Sports

No Masters 3rd-round magic for Zach Johnson

Johnson shoots 2-over 74, tied for 30th heading into Sunday

Zach Johnson, with his caddy, Damon Green, prepares to hit from the 1st tee during the third round of the Masters Tournament on Saturday, April 7, 2018, at Augusta National Golf Club in Augusta, Ga. (Curtis Compton/Atlanta Journal-Constitution/TNS)
Zach Johnson, with his caddy, Damon Green, prepares to hit from the 1st tee during the third round of the Masters Tournament on Saturday, April 7, 2018, at Augusta National Golf Club in Augusta, Ga. (Curtis Compton/Atlanta Journal-Constitution/TNS)

AUGUSTA, Ga. — Like most of the field at this year’s Masters, Zach Johnson fell out of contention during a rainy and breezy third round Saturday at Augusta National.

Johnson posted a second consecutive 2-over 74 to fall into a tie for 30th place, 16 shots behind Ryder Cup teammate Patrick Reed.

Reed is trying to break through for his first major at Augusta National as Johnson did 11 years ago.

In Johnson’s eyes, Reed has a fighter’s mentality that should serve him well Sunday.

“He’s just gritty, gutsy, no fear, he’s obviously very confident and on a golf course like this where you feel like if you’re seeing your lines and you’re hitting your shots properly, that’s a pretty awesome combination,” Johnson said of the 27-year-old Texan.

For Johnson, hitting his own shots properly proved a challenge Saturday as he struggled with his green speed the entire afternoon.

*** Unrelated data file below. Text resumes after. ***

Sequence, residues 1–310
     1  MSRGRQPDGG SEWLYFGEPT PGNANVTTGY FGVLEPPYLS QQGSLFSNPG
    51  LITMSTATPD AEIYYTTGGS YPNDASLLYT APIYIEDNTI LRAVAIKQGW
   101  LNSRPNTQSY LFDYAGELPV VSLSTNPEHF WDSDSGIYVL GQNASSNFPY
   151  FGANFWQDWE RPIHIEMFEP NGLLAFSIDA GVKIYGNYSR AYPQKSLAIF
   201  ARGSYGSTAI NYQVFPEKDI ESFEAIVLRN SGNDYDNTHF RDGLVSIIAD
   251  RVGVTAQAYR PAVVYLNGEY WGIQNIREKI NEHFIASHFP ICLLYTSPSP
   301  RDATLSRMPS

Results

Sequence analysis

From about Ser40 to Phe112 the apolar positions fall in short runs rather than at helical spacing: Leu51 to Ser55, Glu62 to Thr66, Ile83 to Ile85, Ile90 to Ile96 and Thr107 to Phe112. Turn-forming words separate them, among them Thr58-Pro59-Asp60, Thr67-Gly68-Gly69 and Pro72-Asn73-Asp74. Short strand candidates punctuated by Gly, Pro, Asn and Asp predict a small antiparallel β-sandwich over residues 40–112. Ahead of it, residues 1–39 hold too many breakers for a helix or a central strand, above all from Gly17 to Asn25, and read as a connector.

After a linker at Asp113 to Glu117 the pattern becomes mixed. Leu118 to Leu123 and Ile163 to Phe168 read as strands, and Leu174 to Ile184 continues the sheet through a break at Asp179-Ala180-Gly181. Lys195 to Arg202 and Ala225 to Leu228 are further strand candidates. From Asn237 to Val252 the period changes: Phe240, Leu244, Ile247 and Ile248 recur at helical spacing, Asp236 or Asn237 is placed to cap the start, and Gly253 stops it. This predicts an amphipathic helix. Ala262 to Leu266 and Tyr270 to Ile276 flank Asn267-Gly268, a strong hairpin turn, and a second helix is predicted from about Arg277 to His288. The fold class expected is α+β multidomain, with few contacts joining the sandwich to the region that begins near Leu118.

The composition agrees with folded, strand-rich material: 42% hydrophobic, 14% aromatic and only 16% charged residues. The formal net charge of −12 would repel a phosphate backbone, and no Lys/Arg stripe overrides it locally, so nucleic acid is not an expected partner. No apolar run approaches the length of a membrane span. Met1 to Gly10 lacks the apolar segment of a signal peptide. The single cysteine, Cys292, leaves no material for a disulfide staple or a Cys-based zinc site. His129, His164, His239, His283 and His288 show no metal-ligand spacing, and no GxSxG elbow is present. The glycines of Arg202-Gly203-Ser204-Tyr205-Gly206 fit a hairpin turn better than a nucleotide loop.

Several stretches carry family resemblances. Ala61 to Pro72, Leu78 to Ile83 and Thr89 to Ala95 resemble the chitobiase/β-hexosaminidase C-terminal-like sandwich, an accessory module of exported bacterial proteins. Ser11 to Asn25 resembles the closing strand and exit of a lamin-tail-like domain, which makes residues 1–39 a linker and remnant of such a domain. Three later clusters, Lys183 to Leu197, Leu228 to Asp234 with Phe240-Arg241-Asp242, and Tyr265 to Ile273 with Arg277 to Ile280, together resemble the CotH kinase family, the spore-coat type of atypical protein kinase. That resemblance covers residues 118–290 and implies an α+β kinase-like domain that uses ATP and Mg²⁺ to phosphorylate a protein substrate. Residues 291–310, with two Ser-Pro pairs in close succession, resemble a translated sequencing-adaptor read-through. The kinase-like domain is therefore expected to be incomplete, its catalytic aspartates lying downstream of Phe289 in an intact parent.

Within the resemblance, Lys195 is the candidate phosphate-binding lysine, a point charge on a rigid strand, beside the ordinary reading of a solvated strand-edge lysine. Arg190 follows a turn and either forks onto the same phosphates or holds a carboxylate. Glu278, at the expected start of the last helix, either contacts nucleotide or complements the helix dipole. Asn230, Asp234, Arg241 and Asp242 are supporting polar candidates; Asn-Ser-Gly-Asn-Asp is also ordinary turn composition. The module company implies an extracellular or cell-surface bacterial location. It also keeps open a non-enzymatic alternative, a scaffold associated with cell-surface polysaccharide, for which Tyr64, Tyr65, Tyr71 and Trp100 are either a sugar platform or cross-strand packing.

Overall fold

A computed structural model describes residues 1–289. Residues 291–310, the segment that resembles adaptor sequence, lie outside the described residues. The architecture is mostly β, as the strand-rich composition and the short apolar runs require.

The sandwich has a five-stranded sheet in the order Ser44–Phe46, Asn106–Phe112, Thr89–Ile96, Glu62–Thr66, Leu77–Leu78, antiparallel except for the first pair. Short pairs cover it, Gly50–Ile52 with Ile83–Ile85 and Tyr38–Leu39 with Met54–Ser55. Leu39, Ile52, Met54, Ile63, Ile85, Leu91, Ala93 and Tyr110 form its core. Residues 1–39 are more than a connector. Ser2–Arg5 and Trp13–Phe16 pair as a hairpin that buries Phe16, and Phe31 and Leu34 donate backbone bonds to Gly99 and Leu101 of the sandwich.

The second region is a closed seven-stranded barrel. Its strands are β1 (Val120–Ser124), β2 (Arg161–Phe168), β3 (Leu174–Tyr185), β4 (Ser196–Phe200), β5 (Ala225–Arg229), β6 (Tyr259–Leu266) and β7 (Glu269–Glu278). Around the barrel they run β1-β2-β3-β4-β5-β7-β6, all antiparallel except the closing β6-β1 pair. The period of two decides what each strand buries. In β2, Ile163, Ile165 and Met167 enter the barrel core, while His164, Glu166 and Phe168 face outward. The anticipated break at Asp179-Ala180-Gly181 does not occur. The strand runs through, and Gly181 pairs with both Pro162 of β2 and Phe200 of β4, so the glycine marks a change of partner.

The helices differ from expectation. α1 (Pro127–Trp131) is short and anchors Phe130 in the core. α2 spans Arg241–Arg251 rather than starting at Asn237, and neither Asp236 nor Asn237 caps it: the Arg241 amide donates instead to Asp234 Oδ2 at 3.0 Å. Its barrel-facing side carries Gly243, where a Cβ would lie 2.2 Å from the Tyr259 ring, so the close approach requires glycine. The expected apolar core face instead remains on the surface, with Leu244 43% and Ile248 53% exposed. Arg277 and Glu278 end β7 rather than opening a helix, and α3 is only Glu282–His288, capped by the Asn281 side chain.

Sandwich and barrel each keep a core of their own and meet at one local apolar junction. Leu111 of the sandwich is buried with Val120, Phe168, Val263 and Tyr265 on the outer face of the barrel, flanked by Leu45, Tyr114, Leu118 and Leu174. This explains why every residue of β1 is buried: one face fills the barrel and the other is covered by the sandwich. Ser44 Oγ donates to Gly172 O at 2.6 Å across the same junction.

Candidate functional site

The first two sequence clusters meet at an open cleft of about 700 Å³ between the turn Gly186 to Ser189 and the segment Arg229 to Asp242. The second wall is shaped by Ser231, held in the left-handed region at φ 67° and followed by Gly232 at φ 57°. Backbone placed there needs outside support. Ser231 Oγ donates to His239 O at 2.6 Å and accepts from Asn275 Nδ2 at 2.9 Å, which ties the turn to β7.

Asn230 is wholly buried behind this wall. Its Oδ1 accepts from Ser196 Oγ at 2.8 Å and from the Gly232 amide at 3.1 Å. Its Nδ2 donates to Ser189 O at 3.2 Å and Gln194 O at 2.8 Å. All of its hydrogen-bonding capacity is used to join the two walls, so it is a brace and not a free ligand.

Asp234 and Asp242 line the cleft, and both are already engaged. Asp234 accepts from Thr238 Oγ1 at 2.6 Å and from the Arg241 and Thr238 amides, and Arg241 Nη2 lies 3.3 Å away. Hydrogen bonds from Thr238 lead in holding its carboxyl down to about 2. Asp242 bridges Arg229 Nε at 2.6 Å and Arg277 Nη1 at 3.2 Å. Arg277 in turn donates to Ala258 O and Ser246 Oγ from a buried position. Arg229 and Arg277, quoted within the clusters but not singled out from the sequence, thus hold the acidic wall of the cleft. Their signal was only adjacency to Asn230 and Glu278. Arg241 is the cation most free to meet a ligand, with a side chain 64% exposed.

“My speed was off on my putts substantially,” Johnson said. “And then the moment you feel like you’ve got to whack it, (my stroke) was not consistent, it was not what it had been previous days out here.”

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So what was the biggest reason within his own game why Johnson fell from eight strokes back to begin the day to 16 as he ended it?

“Numerous three-putts, numerous 8- to 15-footers that I just didn’t hit,” Johnson said.

“I had them read properly, I just didn’t get them in. I got them inline, I just didn’t have the right speed. Either they were too short or too long.”

The soggy course also played much differently Saturday versus Thursday and Friday because of the rain, and Johnson knew there was plenty of opportunity out there.

“I thought it played quite a bit easier (Saturday) versus (Friday) afternoon in particular,” Johnson said. “It was a lot softer, greens were a little bit slower, but yet I was still getting some roll in the fairway so I feel like (Saturday) was a day that you could kind of get it to some degree.

“We’re seeing both (roll and softness) but (Saturday) was the day that I felt you could kind of get it.”

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